Francis Bacon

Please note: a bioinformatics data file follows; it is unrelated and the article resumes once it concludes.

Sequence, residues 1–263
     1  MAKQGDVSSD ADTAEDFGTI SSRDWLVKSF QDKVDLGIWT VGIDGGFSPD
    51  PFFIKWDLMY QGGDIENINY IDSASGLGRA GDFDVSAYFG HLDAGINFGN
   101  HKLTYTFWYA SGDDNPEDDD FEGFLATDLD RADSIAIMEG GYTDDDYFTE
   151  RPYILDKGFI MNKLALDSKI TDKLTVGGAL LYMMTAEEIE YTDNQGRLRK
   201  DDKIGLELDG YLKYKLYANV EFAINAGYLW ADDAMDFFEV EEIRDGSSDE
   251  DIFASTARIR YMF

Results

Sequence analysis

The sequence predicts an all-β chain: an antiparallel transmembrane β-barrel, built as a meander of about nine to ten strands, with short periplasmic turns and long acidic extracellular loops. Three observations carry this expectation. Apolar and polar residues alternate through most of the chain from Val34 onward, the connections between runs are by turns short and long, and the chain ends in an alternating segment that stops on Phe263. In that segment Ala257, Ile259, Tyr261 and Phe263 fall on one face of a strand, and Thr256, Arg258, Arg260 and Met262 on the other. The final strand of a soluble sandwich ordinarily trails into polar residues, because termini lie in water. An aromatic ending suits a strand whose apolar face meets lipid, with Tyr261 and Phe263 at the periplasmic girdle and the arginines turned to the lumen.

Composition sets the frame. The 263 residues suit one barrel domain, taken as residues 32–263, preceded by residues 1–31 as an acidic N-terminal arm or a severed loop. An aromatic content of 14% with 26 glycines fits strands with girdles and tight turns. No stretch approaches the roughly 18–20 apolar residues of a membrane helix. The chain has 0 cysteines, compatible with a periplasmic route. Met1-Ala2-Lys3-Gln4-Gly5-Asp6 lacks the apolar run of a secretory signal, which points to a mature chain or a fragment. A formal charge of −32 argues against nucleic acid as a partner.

“Franicis Bacon (1561-1626) followed Machiavelli’s idea of conquering and controlling nature “for the relief of man’s estate.” He had a plan for the total reorganization and development of human knowledge. His chief concern was with the method for acquiring knowledge and for using it to increase human dignity and greatness, which he presented in The Great Insatauration (first part on Advancement of Learning and second part called Novum Organum) [Insatauration=restoration]. His restoration of mankind to “dominion over the universe” was to be based on “pure and uncorrupted natural knowledge” and not on moral or religious knowledge. The Novum Organum calls the four great impediments to learning (1) the Idols of the Tribe (distortions of sense perception to which all are subject), (2) Idols of the Cave (personal limitations and prejudices of individuals), (3) Idols of the Market Place (i.e. of misleading communications with others on account of the misleadingness of words), (4) Idols of the Theater (i.e. of dogmas, systems, and theories). To advert these he proposed the inductive method of deriving general laws (“simple natures” that are like an “alphabet of nature”) or principles from a number of particular instances (a posteriori). His methodical strategy intended for human beings to obey the laws of nature in order to conquer it (parendo vincere); the end of science is “the invention of principles to command nature in action” (Frederick Lawrence, Philosophers and Theologians, Boston College).

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